Argentina - Farmers' Protests & Loading Delays - Who Bears the Costs?

April 2008

PDF Version

The well publicised strikes and roadblocks set up by Argentinean farmers in response to the Government raising export duties on agricultural commodities have prevented and delayed cargoes reaching their ports of shipment. The Club’s defence lawyers have been advising both owner and charterer members on who bears the time lost and the options available to them under their charterparties and otherwise.  

This article seeks to set out the position under the charterparties most commonly used for the shipment of bulk cargoes and to provide general guidance. Any specific queries should be directed to the Club for comment, as many of the forms mentioned below are often amended or have incorporated into them rider clauses which address these particular issues. 

By way of background, the protest activities reported are presently limited to farmers; port facilities remain fully operative. It is solely the lack of cargo which is preventing loading from taking place with the consequence that many vessels remain stationary at the Argentinean roads.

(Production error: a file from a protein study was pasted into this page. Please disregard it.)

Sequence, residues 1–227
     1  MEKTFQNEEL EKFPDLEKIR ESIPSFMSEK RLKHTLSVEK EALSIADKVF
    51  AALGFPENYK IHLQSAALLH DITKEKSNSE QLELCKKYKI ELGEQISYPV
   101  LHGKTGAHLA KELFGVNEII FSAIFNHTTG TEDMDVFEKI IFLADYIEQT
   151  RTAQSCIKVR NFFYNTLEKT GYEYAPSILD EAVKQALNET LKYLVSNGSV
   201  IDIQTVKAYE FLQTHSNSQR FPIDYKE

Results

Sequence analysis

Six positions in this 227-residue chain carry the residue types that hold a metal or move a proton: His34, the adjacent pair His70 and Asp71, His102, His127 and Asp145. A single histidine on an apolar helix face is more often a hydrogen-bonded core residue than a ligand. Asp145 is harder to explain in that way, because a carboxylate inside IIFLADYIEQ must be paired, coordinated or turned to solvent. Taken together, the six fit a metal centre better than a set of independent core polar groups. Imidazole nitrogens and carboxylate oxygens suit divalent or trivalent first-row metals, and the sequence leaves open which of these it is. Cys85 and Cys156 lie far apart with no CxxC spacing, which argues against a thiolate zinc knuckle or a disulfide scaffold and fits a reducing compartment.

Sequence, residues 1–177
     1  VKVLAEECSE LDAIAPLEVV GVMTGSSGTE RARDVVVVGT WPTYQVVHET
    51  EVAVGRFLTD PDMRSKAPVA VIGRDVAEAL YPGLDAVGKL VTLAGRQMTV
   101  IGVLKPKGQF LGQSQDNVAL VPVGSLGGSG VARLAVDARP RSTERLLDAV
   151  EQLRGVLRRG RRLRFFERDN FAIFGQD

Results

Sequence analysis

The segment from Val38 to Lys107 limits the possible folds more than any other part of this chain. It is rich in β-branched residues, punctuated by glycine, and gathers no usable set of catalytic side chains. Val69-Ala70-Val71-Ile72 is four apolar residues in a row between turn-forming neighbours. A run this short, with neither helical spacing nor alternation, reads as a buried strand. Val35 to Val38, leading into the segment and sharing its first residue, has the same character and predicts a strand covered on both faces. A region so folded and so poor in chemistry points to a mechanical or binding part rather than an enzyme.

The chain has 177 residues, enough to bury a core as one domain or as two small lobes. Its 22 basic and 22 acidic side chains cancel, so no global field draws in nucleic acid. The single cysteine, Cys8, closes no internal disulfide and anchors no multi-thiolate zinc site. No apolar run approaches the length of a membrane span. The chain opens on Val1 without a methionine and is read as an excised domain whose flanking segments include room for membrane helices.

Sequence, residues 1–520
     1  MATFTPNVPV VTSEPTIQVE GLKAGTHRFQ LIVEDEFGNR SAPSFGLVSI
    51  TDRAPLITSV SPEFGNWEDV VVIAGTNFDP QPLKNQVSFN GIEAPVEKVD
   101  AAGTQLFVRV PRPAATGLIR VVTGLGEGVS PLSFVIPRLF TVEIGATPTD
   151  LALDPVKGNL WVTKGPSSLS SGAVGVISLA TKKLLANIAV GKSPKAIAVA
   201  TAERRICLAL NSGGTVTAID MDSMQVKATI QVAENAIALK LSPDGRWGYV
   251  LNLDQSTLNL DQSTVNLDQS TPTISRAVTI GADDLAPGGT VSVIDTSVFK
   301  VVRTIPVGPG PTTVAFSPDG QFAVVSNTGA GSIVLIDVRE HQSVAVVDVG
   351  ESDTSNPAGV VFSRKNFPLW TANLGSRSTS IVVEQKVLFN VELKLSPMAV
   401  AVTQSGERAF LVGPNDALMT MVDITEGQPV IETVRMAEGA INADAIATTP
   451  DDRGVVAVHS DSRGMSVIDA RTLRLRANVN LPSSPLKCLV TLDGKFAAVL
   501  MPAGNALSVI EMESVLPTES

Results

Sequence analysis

Voyage Charters

Strike Clauses

In the context of voyage charters, the fact that the port is still operational raises questions as to the applicability of the GENCON 94 and Centrocon Strike Clauses, or any variations thereof. Charterers have an absolute duty to have cargo available for loading and if, as in Argentina, the delay is caused by the cargo not reaching the port, clear words are required for that delay to constitute an exception to laytime, or to prevent the accrual of demurrage. 

As stated by Lord Dunedin in Arden Steamship v Mathwin (1912 SC 215):